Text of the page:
Tuesday, 26 January 2010

I've been a bit lax at updating this recently, but I have a good excuse. Well actually I have four good excuses :-

1) Work. Lots of stuff going on that I can't talk about. Could be significant (you can take whatever implication you wish from that)
2) Tax return. I seriously dislike doing self-assessment every year. It's like doing a simple test with your gonads wired up to a car battery. It should be easy, but the thought of getting a wrong answer is enough to keep you on edge.
3) My girlfriend is moving in in just over two weeks (more on that in a later post)
4) It's cold, and therefore I'm mainly hibernating (as a good squirrel should)

All of the above has made my spare time as minimal as possible.

Talking of drinking (well, you were probably thinking of drinking), I may have made a slight miscalculation in my year of abstinence.

I forgot the World Cup.

I know! The world's biggest and most watched sports event and I totally forgot it. Of course, the last time I did a year off it was 2008 and although the European Championships were on England hadn't qualified - so it wasn't really missed. Plus drinking in the odd years means that I can drink during the Ashes tests.

It's a dilemma.

So I've come up with a solution that keeps my intake down by 50% but still allows me to enjoy those moments when having a few beers actually adds to the occasion - I'm going to do six months on and six months off. The clever part is that I'm going to do it from near the end of March (just in time for my birthday) until near the end of September, and then take winter off. A friend reckons I should extend the logic until I only drink in the first half of every hour, but come 9pm and I'd definitely forget (probably what day it is too).

So summer drinking it is, without destroying what's left of my liver :)

Tuesday, 19 January 2010


An email conversation with a colleague who was snowed in in his tiny village last week (apparently they used all the salt on their chips or something):-

Me: "Enjoying your day off?"

Colleague: "I'm looking after a two-year old and a sick wife, what do you think?"

Me: "Could you not get them to a play a first-to-a-hundred Hungry Hippo series?

Colleague: "I normally get a black-eye if I mention 'Hungry Hippo' anywhere near the wife."

Class :)

Monday, 18 January 2010


I got back from NY in NY last weekend, but a combination of jetlag and a cold has kept me offline for a while.

(And buying Football Manager 2010 on a whim at the airport probably wasn't my brightest idea ever.)

Moving swiftly on to a week last Saturday, and I found myself on an extremely uncomfortable and turbulent flight across the atlantic. For once I wasn't sat next to a baby, a mother and badly behaved five year old, a fat man, a man who smells of chamomile, a fat woman or - best of all - someone talking continuously about the bible. In fact I was sat next to two pleasant young women flying to England to study for a while.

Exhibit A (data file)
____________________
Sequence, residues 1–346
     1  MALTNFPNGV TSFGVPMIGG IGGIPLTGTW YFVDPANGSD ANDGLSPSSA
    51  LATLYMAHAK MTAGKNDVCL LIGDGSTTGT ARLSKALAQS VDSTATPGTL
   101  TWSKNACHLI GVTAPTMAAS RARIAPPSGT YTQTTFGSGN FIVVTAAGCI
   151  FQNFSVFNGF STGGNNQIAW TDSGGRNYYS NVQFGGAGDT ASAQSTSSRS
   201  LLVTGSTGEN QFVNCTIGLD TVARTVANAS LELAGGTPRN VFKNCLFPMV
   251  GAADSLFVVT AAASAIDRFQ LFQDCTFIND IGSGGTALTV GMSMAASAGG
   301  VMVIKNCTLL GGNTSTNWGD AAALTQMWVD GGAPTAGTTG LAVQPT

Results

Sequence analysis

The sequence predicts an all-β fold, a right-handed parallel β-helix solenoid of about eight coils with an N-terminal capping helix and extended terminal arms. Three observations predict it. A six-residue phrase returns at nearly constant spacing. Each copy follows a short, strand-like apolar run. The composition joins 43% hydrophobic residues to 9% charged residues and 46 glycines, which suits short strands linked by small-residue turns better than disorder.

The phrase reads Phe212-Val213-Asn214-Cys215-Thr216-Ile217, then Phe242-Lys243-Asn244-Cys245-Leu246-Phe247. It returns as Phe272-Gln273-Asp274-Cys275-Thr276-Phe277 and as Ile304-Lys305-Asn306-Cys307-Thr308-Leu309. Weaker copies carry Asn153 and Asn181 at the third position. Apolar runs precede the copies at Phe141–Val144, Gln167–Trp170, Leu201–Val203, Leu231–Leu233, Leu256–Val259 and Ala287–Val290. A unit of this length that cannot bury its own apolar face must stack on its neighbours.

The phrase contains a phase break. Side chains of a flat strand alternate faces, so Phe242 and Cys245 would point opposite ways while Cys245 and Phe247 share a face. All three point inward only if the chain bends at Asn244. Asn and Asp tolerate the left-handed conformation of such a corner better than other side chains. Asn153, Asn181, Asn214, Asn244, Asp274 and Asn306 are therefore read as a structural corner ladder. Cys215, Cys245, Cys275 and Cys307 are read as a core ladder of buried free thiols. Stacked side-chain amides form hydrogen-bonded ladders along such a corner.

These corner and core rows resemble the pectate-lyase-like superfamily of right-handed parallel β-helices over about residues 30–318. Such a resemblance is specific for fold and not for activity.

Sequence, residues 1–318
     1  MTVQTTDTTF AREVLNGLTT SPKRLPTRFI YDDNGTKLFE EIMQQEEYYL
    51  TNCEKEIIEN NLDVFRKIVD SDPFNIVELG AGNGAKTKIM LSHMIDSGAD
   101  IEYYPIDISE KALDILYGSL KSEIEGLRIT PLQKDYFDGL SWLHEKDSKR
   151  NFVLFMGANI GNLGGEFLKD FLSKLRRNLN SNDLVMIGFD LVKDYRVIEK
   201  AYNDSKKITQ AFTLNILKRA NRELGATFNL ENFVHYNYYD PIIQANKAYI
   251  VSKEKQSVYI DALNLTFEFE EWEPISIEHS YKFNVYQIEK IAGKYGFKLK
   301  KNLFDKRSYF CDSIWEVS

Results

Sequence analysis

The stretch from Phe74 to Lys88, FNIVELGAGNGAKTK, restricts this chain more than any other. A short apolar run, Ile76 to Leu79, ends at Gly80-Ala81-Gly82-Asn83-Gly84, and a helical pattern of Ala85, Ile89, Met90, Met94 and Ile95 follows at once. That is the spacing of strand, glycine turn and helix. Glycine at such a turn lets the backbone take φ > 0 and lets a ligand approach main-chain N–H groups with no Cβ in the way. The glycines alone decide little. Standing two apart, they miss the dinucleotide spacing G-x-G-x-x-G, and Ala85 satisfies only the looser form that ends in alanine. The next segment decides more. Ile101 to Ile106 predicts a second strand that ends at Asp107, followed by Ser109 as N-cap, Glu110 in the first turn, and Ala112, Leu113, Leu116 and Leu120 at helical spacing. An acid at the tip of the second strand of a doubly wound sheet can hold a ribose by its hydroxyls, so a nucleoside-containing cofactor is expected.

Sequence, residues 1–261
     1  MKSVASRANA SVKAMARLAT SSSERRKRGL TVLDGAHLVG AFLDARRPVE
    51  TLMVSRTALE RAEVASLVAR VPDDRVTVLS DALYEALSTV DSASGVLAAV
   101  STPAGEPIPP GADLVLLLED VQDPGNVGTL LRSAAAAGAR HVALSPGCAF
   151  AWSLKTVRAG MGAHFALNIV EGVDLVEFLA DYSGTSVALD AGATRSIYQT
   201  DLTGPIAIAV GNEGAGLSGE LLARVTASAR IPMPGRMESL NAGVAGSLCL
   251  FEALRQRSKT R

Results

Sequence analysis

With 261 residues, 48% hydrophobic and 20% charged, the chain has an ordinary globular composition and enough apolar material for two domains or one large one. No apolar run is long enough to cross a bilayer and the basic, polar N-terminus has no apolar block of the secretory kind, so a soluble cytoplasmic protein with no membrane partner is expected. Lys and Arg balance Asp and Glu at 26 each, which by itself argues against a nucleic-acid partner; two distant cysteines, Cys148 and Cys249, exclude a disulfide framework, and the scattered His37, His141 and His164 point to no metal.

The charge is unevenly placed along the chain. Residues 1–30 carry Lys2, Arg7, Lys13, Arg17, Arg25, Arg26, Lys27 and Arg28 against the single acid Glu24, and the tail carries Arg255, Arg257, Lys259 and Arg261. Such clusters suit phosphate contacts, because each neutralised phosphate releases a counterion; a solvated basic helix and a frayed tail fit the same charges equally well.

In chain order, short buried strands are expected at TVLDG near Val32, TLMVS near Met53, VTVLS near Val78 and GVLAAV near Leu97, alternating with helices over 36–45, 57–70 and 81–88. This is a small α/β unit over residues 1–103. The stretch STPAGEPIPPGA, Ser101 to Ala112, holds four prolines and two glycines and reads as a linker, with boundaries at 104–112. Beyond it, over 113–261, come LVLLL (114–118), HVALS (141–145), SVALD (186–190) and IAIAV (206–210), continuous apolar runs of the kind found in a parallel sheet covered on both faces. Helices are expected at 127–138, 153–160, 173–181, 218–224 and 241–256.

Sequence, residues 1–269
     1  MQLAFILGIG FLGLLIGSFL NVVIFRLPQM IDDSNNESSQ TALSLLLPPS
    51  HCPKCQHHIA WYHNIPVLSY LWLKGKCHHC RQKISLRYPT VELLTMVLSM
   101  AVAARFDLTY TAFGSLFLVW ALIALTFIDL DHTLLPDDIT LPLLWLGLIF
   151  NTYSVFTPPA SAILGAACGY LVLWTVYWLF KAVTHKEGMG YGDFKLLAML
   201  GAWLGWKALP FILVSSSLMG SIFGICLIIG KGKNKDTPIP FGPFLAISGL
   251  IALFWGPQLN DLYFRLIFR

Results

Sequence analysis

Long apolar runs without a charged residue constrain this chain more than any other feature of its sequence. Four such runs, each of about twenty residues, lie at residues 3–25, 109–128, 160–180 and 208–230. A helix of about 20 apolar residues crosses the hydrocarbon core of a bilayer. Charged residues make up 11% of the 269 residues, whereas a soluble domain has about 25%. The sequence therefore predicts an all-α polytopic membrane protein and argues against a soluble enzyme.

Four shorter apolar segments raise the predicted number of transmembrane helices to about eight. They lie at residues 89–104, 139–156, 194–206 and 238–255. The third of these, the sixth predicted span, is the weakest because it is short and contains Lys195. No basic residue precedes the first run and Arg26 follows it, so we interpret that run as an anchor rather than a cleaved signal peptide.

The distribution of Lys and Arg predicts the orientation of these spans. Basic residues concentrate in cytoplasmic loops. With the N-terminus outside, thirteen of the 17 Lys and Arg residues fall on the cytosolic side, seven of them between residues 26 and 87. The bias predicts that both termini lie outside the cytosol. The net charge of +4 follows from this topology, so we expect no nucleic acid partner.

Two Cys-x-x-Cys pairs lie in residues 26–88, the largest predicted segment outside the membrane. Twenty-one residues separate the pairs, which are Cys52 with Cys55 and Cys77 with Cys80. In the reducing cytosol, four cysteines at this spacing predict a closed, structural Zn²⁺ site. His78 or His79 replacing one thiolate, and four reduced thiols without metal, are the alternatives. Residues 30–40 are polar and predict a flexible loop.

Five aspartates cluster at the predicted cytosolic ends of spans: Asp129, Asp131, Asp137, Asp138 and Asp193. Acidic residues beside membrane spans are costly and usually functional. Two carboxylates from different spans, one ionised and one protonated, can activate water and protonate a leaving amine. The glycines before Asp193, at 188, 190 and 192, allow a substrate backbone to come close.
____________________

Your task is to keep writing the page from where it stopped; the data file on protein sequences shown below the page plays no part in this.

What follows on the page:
The elder one was studying at Oxford, had a boyfriend at Oxford, thought everything was great at Oxford etc. One of those otherwise nice people who proudly wears the 'obvious superiority' of their chosen University in a way reminiscent of He-Man brandishing a sword and exclaiming "By the power of Grayskull!!!"

The younger one was bafflingly flying to London to study at.........an American college. For four months. I think that's probably the definition of dipping your toe into the murky waters of foreign lands.

As it was the younger one's first trip outside of the Americas, the elder one thought it would be worthwhile filling her in with a few tips and advice. At this point I was stoically reading my book whilst idly listening in (we didn't converse until midway through the flight when they were both so terrified by our impending fiery death that they started bombarding me with questions to distract themselves from why the plane was moving vertically more than it was moving horizontally).

Some of her advice was useless but pointless, to wit 'how to pronounce Warwick' or 'how to pronounce Nottingham'. Some of it was quite pertinent - one should always know what side of the road to travel on, or to add milk to your tea - and some of it was hilarious:

Elder one: "The hardest problem is the accent."

Younger one: "Oh, I just lurve the accent on men."

Elder one: "That's the problem. You fall for them because of the accent, but after three or four months you'll see that English men are just as much bastards as American men."

I failed to suppress a snort at this point. Three of four months?

Three or four MONTHS?!?

THREE or four months?!?!?

Three or FOUR months?!?!?!?

That's just wrong no matter how you write it. No wonder American students are seen as easy prey when they come over here. An acquaintance I was at university with used to feast* almost exclusively on them to the extent that when he graduated we made him a mock US tour t-shirt, complete with locations and dates. In a mere three years he'd touched on 90% of the states at least once, and he'd touched on Texas more times than was hygienic. I do believe his greatest regret was not completing the set. (Though he did try and claim that one had a Hawaiian grandmother and that should count on the basis that eligibility to play football for a country goes back to your grandparents, but we were having none of it.)

Three of four months though?! It shouldn't take more than 5 minutes to see that English men are, well, men. An ability to hold a door open to let a woman through doesn't equate to royalty.

In the end however, she did dispense possibly the best advice ever:

"Over there, it's not Math it's Maths. They say it's short for Mathematics. Never say Math. You will never recover if you do."

Amen, sister.

As many of you are aware I'm rather anti-religious. Faith I'm fairly relaxed about, we all believe in whatever we believe in - but organised religion has killed more people than the Flu, whilst being ever so more unpleasant. So it was interest today when I read the following statistics:

Percentage of Americans who attend church
every week: 40%
Percentage of Britons who attend church